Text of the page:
I went into Dr. Bank's office, where I underwent a rather humiliating procedure. Imagine E!'s GlamCam 360, except in a medical office and you have no pants on. I stood in the middle of a small octagon on the floor, and was asked to spin around slowly—sans pants, may I remind you, but also, thankfully, sans Ryan Seacrest—while the doctor's assistant took closeup photos of my butt and thighs from every angle. 

I chose two products to test: Mio Shrink to Fit Cellulite Smoother ($56) on my left side, and Talika Back Up 3D ($64) on my right side. I applied them twice a day for eight weeks, missing only a few applications. I used the application technique recommended by Mio, which is to take about 20 seconds to massage in the product vigorously. Sluggish lymphatic drainage is one of the causes of cellulite, and massage can help move things along, so I wanted to increase my chances of a good outcome.

Image: Mary Galloway for Refinery29

Now's a good time to note that there are multiple causes for cellulite. As Dr. Bank explains, the fibrous connective bands that hold our muscles and fat in place run perpendicular to the skin. Fat cells become swollen, thanks to the aforementioned sluggish lymphatic drainage and hormones, and then the cells bulge between the fibrous bands, causing dimpling. Thinner female skin is also a contributor. It doesn't necessarily matter how much you weigh—it can occur on all body types. That's why it's so difficult to pinpoint one ingredient or treatment that will fix it. "I don't personally think there is a home-run treatment at the moment," says Dr. Bank. "Cellulite is so complicated that I think it's going to be a while [before we have one]."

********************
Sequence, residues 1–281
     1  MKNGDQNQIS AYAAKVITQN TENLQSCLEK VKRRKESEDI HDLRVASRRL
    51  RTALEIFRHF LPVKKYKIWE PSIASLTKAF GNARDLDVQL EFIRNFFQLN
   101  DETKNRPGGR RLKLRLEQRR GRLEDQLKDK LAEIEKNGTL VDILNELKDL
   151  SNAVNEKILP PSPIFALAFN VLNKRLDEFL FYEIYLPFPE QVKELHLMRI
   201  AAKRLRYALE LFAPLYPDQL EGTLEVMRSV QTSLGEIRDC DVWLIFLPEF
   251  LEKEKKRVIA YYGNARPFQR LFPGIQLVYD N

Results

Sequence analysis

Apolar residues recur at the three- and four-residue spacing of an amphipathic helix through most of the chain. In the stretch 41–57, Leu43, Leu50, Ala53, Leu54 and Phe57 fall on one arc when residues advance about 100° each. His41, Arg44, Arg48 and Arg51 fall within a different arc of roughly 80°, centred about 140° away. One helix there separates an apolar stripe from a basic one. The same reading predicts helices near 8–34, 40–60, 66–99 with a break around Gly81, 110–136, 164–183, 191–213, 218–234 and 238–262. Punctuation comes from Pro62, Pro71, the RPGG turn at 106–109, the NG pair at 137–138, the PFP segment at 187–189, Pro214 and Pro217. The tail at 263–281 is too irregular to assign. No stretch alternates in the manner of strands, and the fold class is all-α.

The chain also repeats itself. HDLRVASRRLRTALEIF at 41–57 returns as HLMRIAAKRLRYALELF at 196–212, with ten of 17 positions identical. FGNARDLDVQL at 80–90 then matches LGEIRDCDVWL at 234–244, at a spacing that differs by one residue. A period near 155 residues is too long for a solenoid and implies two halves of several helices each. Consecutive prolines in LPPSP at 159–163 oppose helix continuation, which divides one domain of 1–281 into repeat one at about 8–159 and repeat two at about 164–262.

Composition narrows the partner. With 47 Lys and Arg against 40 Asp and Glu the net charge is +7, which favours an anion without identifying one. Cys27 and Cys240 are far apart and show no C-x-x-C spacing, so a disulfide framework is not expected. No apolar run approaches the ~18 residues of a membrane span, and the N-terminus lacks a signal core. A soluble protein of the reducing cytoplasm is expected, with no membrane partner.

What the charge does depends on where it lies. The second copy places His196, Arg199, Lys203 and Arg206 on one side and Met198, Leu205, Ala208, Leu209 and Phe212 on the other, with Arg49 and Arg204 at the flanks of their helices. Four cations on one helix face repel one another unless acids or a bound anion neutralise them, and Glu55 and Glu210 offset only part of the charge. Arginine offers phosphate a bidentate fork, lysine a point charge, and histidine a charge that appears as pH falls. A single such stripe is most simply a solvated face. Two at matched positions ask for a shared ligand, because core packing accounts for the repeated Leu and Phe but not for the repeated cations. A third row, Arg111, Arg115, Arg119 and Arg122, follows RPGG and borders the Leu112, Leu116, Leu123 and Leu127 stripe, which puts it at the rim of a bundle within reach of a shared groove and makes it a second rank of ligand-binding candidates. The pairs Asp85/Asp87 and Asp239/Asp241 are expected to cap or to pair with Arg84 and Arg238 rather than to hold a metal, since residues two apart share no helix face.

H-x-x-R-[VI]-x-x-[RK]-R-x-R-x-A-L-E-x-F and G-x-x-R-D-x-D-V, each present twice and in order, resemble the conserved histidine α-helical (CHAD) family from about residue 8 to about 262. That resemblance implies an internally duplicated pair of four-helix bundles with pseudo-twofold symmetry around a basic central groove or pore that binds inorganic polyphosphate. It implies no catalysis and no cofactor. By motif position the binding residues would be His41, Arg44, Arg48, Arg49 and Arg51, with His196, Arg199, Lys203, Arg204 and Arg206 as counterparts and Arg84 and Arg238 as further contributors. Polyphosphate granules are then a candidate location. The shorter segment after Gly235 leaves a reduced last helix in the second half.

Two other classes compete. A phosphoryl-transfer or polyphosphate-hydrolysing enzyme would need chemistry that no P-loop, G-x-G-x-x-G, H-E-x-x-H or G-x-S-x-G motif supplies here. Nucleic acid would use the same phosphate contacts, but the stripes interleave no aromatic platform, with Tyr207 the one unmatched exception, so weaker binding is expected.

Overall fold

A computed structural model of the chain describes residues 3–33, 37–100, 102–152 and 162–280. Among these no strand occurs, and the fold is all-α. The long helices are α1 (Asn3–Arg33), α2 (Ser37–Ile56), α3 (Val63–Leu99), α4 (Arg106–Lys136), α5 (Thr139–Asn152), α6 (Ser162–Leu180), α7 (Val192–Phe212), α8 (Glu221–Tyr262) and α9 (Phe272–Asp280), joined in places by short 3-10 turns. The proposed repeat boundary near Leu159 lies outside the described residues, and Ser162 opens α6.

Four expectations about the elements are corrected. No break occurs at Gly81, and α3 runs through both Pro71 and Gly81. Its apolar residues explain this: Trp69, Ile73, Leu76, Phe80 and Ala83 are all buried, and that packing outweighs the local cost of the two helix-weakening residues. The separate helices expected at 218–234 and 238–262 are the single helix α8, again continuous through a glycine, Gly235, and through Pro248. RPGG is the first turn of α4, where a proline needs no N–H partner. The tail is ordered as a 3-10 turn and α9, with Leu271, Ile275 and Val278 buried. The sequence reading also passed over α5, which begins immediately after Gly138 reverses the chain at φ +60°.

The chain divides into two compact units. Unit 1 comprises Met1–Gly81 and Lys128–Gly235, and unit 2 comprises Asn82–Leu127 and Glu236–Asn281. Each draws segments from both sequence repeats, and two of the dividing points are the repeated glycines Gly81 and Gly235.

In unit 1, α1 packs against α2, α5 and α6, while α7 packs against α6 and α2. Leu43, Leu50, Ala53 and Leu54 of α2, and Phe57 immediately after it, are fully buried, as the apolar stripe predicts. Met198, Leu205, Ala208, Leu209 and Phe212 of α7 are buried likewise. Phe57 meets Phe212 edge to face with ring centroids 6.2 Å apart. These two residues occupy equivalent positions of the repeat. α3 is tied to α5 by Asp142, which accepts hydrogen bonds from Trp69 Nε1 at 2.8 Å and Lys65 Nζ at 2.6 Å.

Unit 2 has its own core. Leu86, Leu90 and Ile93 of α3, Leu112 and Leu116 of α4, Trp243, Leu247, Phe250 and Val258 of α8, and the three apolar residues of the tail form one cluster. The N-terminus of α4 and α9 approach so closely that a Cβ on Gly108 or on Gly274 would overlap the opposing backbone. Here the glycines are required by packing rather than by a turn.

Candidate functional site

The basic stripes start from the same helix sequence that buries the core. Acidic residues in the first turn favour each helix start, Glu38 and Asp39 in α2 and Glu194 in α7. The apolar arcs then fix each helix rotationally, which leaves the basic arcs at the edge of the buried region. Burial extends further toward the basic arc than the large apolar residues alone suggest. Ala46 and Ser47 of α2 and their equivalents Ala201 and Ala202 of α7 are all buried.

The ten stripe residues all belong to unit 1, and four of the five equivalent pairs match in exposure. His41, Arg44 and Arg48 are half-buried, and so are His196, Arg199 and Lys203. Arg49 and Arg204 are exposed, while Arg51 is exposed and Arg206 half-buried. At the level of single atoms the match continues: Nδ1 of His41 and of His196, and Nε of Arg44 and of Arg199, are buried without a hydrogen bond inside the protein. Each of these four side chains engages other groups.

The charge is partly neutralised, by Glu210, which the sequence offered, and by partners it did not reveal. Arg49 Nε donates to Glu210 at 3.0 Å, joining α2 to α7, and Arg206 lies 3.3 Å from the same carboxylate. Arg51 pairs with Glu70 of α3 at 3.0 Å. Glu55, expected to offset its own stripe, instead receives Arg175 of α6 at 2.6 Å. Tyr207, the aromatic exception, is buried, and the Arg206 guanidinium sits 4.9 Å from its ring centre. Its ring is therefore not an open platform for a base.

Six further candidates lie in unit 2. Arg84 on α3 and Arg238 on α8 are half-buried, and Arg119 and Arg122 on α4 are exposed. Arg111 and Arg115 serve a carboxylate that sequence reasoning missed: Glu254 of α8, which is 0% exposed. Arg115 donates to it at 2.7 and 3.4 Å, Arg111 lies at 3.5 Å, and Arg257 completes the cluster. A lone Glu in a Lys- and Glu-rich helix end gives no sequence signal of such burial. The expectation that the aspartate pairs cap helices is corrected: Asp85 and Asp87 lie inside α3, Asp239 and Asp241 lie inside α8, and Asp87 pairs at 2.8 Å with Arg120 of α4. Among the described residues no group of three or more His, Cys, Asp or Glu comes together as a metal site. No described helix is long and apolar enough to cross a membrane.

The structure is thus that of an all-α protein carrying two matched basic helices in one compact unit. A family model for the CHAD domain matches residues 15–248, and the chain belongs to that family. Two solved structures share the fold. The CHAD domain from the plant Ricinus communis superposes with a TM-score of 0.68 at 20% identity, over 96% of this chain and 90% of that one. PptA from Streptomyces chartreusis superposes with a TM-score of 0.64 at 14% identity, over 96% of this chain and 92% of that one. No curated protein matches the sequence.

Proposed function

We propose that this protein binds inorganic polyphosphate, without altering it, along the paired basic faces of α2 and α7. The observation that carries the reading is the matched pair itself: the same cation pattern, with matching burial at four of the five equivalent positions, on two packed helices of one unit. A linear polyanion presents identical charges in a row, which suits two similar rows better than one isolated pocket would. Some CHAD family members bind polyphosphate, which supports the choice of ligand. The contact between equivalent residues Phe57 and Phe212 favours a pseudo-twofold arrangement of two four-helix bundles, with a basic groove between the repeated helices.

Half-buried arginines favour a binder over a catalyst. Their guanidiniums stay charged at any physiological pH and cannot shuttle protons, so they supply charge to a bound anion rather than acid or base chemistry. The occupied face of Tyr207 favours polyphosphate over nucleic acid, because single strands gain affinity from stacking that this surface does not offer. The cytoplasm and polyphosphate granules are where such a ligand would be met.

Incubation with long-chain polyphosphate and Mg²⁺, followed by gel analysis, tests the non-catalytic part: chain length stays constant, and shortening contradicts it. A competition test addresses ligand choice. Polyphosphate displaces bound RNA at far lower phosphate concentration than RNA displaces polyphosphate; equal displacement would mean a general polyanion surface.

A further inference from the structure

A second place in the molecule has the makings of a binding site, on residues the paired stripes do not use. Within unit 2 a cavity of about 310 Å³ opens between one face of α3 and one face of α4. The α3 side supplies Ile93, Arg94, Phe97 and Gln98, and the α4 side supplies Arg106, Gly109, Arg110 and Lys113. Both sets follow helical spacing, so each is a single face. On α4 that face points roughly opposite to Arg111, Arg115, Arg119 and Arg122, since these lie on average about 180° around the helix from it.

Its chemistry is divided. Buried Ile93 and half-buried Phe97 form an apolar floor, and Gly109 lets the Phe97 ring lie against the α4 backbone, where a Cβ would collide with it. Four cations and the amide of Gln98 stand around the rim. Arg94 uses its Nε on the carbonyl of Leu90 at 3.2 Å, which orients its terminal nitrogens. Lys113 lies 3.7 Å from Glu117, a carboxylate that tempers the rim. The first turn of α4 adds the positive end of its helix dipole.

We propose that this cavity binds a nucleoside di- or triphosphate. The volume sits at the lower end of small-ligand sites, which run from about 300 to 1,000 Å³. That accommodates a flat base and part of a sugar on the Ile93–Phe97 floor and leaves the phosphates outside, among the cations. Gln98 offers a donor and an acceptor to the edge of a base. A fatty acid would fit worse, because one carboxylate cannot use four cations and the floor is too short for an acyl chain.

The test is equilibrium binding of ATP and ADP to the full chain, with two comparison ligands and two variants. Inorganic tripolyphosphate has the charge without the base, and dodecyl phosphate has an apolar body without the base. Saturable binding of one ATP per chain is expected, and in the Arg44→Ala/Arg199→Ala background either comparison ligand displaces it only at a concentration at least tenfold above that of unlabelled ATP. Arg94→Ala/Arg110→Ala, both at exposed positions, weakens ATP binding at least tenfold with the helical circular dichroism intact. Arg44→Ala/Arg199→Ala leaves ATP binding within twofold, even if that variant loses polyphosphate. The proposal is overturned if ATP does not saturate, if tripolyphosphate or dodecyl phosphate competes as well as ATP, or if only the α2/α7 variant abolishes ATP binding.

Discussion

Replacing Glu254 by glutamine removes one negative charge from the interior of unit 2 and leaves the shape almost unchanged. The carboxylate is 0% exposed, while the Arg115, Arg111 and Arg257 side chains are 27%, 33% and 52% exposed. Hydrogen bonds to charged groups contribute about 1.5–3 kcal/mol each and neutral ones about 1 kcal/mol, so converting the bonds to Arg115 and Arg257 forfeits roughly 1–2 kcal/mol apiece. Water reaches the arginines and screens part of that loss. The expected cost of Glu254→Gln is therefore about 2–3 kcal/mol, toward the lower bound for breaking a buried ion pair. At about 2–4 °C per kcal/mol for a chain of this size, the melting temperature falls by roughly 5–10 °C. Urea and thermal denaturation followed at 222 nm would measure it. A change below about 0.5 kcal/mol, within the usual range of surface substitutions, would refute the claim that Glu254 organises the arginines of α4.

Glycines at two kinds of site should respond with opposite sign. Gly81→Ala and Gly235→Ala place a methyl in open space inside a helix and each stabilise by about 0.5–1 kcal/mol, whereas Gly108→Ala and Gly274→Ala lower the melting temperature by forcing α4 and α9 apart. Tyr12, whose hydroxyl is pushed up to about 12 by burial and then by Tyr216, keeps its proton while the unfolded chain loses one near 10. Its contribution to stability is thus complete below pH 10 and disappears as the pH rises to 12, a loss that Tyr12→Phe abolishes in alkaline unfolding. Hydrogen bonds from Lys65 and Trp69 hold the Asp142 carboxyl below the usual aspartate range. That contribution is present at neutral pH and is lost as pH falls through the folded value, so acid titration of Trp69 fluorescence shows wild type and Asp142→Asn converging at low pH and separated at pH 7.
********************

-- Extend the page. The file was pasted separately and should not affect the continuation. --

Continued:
Well, that didn't keep me from trying. Despite his pessimism, Dr. Bank agreed to analyze the ingredient labels of each of the two products. Mio's main ingredients include caffeine, laminaria (which acts as a diuretic), green tea as an antioxidant, shea butter for moisture, and menthol—which gave it a tingly kick that gave, at least, the illusion that something was happening on my skin. It has a thick, creamy consistency and a fresh, slightly spicy scent. The Talika product is a less traditional cellulite cream. It contains several plant extracts that the company claims affect fat storage, moisturizers, and lactic and glycolic acids. It has a thinner consistency—sort of like a gooey serum. Aesthetically, I preferred the Mio product.